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Bug 122788

Summary: Aggregate token hierarchy listener
Product: editor Reporter: Miloslav Metelka <mmetelka>
Component: LexerAssignee: Miloslav Metelka <mmetelka>
Status: NEW ---    
Severity: blocker CC: mfukala
Priority: P2    
Version: 6.x   
Hardware: PC   
OS: All   
Issue Type: TASK Exception Reporter:

Description Miloslav Metelka 2007-11-26 16:09:59 UTC
Besides individual token hierarchy events it would be useful to provide aggregated changes too. It would be useful for
incremental parser-like tools that need to fix their structures based on lexical changes but that do not want to do that
after every document modification.
The only requested chunking of the aggregation so far (and imho the most reasonable) were the atomic document edits
(i.e. NbDocument.runAtomic() transactions) which cover e.g. code reformatting and the common document edits.

Technically the lexer would provide

The fired event would contain a union of all the relexed regions from the individual changes. If two regions would be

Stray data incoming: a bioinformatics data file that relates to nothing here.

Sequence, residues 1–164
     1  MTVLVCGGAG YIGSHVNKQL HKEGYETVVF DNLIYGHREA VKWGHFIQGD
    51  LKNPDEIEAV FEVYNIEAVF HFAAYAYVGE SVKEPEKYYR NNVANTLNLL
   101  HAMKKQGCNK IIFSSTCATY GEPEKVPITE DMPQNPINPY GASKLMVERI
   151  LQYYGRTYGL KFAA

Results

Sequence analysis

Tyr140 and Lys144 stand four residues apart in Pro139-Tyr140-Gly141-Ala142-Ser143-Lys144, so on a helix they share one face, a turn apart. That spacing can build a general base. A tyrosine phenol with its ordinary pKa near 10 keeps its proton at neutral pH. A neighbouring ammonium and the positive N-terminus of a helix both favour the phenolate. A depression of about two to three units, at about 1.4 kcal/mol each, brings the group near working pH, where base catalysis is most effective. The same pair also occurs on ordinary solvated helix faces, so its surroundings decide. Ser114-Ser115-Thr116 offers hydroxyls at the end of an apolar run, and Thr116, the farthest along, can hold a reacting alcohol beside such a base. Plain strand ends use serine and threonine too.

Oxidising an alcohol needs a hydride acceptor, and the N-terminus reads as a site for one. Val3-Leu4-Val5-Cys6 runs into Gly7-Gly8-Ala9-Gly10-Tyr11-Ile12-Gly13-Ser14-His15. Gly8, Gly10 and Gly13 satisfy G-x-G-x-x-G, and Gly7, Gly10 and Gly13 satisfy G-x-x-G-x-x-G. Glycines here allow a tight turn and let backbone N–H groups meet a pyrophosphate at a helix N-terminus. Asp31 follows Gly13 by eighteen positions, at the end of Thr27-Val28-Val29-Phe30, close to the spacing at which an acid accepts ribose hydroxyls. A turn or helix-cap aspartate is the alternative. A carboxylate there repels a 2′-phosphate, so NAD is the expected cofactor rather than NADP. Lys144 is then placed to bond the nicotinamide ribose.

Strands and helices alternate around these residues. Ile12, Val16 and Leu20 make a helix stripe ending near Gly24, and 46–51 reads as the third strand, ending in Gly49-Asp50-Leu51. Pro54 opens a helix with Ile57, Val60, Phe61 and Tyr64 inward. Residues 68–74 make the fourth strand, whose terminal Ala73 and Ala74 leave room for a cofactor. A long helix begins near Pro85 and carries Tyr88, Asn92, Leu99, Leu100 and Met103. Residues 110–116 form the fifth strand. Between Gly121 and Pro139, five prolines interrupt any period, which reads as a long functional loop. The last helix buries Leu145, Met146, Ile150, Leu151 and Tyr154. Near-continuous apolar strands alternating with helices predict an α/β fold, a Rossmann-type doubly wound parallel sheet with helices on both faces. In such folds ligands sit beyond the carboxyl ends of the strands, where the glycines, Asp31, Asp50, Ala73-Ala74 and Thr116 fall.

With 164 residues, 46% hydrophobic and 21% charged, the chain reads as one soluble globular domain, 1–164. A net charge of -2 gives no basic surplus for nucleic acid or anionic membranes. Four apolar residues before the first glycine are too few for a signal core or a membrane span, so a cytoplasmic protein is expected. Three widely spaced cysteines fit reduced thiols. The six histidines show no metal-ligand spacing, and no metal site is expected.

far enough from each other so that there would be some unchanged tokens then these unchanged tokens would be reported as
removed (by TokenChange.removedTokenSequence()) and re-added (they would be present in
TokenChange.currentTokenSequence()). Although in practice the changes that would not be adjacent are rare the tools
could get a fine-grained info by checking Token.isRemoved() (result of an issue 122786) on the tokens returned by 
TC.removedTS() to find out whether a particular token was really removed or if it was amidst of two non-adjacent

In practice most of the clients can possibly use aggregated token hierarchy listening rather than regular grained
listening. For example syntax higlighting will not be rendered until the document is read-lockable and it only needs to
know the affected region of the token modifications so it would be fine to use the aggregated listening. There could be
a boolean parameter collectRemovedTokens added to TH.addAggregatedTHL() to possibly omit collecting of the removed
tokens if there would be no client requesting that (e.g. the syntax highlighting client is not interested in that